Moving from Vienna to London’s west end, the battlefields of France and hotel rooms in Geneva,Waiting for Sunrise is a feverish and mesmerising journey into the human psyche, a beautifully observed portrait of wartime Europe, a plot-twisting thriller and a literary tour de force from the bestselling author of Any Human Heart, Restless and Ordinary Thunderstorms.
A thrilling, plot-twisting novel from the author of the Richard & Judy bestseller Restless, winner of the Costa Novel of the Year
What is the devastating effect on your life when, through no fault of your own, you lose everything — home, family, friends, job, reputation, passport, money, credit cards, mobile phone — and you can never get them back? This is what happens to a young man called Adam Kindred, one May evening in Chelsea, London, when a freakish series of malign accidents and a split-second decision turns his life upside down for ever.
The police are searching for him. There is a reward for his capture. A hired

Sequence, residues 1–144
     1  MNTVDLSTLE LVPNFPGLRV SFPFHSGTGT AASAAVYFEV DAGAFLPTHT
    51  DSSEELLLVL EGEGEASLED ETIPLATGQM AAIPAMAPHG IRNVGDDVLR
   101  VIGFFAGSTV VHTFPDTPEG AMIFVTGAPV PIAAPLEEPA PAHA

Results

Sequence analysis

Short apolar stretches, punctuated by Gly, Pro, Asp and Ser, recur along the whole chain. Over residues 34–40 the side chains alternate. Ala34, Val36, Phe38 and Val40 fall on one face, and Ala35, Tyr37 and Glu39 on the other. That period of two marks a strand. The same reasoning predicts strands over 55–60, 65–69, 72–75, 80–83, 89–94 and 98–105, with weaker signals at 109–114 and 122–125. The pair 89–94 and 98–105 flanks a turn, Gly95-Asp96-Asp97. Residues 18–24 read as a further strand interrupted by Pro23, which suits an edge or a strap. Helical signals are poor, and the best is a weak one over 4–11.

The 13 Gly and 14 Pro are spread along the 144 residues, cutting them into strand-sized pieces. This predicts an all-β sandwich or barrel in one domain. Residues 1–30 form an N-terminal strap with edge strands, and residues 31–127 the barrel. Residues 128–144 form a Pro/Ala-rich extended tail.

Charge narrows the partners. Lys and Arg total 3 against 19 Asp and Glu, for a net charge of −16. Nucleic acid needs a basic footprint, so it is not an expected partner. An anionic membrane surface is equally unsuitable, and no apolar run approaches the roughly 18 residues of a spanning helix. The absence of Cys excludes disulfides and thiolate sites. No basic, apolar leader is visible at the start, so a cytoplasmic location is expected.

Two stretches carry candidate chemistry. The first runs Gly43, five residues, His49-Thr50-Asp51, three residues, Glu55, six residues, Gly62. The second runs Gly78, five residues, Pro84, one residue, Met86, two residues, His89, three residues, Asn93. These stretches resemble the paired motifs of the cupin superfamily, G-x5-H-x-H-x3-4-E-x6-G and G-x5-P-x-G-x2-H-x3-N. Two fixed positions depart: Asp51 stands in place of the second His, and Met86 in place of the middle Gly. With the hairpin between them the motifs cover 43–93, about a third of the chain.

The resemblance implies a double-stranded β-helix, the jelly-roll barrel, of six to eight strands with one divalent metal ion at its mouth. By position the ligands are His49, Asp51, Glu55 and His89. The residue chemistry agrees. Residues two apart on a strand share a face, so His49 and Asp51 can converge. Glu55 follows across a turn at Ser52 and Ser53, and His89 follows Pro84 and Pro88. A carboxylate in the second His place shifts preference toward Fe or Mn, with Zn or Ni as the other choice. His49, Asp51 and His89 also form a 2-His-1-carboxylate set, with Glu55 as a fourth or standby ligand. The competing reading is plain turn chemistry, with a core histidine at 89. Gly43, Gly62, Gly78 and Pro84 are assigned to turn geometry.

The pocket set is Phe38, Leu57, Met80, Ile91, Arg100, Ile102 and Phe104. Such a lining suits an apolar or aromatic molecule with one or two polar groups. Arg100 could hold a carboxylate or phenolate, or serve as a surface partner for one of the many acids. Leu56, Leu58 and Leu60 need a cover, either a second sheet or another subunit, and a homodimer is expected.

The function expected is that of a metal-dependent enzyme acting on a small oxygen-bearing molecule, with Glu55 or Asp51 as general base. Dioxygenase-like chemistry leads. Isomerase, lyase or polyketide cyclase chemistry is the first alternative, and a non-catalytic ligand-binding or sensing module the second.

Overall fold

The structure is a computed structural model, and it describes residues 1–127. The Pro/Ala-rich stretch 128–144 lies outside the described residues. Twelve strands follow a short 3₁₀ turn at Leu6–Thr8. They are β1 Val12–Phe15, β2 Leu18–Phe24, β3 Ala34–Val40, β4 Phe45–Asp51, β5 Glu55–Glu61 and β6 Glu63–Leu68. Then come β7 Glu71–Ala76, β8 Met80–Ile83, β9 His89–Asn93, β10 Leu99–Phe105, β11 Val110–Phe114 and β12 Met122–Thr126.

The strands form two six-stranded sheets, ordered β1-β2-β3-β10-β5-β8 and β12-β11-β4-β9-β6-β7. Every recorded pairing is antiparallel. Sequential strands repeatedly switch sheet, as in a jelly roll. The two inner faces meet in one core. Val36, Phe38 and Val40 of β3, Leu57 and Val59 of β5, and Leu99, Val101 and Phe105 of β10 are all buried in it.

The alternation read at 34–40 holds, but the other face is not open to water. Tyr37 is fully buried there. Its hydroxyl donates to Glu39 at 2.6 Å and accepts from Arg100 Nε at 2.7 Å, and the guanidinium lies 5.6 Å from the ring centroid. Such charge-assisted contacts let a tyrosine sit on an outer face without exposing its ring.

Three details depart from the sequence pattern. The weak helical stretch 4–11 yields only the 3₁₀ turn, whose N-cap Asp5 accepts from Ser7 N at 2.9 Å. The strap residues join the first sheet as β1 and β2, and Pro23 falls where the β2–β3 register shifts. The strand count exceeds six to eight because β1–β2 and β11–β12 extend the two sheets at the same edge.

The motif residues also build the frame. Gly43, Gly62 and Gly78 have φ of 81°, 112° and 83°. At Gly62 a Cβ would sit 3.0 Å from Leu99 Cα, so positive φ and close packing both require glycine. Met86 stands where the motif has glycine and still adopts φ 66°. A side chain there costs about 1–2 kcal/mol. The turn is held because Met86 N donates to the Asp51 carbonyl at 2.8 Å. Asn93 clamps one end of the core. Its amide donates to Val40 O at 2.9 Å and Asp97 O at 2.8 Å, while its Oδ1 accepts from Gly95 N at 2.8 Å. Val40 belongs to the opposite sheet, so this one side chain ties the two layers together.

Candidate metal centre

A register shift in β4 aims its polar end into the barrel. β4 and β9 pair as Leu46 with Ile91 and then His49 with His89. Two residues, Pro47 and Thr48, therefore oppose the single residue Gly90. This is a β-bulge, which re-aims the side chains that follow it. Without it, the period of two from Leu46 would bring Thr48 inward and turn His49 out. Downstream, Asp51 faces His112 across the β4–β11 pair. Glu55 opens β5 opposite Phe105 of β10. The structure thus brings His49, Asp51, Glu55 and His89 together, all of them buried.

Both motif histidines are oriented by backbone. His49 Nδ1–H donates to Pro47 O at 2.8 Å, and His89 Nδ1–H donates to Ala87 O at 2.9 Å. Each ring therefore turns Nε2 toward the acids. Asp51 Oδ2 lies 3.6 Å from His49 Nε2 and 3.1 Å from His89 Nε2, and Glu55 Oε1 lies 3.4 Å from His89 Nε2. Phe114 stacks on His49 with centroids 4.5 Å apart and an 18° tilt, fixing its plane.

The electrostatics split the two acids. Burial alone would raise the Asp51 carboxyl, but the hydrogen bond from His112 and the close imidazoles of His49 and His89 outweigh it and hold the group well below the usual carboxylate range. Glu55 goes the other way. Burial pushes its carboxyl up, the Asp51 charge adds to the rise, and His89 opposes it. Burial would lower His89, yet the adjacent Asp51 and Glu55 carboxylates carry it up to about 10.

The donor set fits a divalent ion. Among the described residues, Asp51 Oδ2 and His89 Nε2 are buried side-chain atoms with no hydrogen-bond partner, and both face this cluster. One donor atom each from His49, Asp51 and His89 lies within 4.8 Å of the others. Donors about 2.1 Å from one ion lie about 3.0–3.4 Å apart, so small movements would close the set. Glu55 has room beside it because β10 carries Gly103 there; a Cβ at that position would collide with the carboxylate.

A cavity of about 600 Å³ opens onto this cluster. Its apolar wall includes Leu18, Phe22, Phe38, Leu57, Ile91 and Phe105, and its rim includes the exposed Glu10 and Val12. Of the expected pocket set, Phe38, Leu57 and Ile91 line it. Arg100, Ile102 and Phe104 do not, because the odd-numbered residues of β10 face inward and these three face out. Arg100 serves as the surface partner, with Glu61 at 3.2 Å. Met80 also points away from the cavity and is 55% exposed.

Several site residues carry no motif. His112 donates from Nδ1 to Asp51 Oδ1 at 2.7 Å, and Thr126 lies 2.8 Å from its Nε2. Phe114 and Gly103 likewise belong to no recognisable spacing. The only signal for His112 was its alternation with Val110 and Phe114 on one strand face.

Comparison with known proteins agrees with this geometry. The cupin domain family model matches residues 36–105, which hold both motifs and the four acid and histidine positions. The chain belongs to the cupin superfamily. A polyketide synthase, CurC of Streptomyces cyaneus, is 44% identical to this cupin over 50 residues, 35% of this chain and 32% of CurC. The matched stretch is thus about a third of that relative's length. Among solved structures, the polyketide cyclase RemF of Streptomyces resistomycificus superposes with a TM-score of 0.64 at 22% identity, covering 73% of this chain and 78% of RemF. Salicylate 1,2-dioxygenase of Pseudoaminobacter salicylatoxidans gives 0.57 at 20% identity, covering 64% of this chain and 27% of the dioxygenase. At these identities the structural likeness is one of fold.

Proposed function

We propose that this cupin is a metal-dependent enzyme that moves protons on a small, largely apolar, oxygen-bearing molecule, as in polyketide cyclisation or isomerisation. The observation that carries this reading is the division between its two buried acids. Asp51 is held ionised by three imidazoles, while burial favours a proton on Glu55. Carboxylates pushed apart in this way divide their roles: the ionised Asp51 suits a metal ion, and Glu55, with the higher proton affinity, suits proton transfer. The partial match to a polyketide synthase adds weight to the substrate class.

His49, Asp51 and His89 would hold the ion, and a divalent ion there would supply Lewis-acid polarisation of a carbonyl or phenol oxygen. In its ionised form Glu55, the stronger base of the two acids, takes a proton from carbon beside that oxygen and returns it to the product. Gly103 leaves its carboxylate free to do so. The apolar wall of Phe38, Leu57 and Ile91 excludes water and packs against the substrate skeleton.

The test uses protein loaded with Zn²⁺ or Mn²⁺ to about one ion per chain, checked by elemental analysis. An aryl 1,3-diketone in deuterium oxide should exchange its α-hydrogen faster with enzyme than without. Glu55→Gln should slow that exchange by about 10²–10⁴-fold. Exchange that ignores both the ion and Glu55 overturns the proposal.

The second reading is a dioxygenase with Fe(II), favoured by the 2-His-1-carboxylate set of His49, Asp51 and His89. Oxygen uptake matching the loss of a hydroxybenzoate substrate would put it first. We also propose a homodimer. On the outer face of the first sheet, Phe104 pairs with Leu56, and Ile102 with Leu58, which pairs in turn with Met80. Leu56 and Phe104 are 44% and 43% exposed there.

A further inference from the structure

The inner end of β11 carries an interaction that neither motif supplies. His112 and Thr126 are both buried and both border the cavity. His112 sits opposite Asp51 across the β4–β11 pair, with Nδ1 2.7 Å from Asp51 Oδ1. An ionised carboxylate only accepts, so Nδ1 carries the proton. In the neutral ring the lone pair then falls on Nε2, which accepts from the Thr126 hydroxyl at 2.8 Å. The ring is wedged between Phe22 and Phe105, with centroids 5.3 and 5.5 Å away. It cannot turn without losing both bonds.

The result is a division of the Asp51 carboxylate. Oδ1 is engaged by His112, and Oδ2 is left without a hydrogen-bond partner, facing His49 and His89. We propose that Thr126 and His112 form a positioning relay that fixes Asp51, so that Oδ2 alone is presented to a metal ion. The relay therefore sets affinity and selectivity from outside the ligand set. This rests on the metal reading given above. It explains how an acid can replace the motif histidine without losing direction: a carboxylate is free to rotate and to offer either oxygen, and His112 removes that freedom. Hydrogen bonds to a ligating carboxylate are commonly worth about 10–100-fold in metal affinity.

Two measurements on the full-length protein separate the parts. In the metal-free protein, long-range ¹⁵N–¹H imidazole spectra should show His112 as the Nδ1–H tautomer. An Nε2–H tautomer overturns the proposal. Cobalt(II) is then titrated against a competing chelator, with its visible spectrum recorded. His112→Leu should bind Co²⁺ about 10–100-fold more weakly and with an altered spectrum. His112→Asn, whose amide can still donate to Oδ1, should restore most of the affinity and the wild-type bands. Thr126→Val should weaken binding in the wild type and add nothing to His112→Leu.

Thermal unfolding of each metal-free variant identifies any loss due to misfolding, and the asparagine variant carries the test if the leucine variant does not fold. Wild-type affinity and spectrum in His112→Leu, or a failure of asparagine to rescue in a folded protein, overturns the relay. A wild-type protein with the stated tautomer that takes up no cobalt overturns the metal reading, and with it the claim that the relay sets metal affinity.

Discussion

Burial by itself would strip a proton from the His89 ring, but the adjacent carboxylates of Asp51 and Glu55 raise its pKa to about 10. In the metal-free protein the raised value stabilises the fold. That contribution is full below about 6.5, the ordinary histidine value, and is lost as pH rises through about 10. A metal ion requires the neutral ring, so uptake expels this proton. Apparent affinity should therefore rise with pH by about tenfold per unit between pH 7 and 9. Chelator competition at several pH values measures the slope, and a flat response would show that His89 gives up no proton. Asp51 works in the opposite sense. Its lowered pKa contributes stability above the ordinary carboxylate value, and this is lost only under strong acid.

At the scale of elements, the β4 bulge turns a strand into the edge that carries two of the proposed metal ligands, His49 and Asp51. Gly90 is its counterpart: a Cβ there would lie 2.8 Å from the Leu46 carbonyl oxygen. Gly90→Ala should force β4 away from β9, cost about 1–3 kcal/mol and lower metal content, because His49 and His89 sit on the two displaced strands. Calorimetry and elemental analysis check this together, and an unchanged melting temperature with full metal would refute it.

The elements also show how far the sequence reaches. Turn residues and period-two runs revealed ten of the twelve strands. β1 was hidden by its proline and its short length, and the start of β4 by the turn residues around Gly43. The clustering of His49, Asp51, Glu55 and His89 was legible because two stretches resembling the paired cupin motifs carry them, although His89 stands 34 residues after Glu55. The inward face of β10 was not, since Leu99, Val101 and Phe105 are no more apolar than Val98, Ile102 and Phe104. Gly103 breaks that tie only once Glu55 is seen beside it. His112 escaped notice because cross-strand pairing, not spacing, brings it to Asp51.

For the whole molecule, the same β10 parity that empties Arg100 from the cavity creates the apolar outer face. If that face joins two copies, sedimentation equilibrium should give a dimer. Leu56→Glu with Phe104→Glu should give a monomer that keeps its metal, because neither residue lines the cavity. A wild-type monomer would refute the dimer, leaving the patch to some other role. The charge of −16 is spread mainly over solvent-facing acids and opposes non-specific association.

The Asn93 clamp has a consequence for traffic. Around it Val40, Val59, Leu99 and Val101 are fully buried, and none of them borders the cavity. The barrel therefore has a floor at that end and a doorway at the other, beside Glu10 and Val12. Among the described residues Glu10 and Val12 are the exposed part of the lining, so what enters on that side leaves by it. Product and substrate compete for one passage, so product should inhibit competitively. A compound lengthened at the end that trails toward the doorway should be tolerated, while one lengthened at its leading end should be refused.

killer is stalking him. He is alone and anonymous in the huge, pitiless modern city. Adam has nowhere to go but down — underground. He decides to join that vast army of the disappeared and the missing that throng the lowest level of London’s population as he tries to figure out what to do with his life and struggles to understand the forces that have made it unravel so spectacularly. His quest will take him all along the River Thames, from affluent Chelsea to the sink estates of the East End, and on the way he encounters all manner of London’s denizens — aristocrats, prostitutes, priests and policewomen amongst them — and version after new version of himself.
Ordinary Thunderstorms, William Boyd’s electric follow-up to Costa Novel of the Year Restless is a heart-in-mouth conspiracy novel about the fragility of social identity, the scandal of big business, and the secrets that lie hidden in the filthy underbelly of every city.
It is 1939. Eva Delectorskaya is a beautiful 28-year-old Russian émigrée living in Paris. As war breaks out she is recruited for the British Secret Service by Lucas Romer, a mysterious Englishman and under his tutelage she learns to become the perfect spy, to mask her emotions and trust no one, including those she loves most. Since then Eva has carefully rebuilt her life as the very English wife and mother Sally Gilmartin — but once a spy, always a spy. Now she must complete one final assignment. This time though Eva can’t do it alone: she needs her daughter’s help.